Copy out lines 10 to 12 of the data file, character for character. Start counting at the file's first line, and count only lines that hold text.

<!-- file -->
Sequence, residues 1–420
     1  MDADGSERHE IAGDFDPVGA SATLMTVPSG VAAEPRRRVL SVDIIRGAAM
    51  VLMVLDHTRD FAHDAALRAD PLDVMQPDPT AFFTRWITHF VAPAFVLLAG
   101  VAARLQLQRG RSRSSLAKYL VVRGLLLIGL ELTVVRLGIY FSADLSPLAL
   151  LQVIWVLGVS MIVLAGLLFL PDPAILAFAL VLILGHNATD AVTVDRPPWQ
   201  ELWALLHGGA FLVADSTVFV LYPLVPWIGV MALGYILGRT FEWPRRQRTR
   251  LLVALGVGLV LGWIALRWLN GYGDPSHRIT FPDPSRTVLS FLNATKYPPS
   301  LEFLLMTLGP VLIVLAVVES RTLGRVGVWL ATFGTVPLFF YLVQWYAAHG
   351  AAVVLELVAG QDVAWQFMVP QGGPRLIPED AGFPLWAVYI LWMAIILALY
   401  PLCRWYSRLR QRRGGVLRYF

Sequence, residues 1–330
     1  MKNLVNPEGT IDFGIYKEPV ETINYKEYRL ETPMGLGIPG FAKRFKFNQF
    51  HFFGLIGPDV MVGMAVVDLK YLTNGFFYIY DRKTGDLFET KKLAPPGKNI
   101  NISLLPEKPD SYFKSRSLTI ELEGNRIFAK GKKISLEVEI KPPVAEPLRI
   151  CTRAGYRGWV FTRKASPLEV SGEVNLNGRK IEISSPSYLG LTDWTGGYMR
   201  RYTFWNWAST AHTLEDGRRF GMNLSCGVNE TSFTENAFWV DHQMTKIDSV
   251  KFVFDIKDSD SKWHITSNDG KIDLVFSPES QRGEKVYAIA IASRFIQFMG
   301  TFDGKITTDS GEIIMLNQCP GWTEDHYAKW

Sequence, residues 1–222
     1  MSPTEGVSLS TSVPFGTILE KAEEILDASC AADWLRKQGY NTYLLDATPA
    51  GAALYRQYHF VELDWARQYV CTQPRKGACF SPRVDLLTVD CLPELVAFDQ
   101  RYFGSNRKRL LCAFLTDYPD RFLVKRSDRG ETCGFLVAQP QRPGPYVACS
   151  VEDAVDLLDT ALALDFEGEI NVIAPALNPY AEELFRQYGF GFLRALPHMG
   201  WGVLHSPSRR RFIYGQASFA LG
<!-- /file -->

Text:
   401  PLCRWYSRLR QRRGGVLRYF

Sequence, residues 1–330
     1  MKNLVNPEGT IDFGIYKEPV ETINYKEYRL ETPMGLGIPG FAKRFKFNQF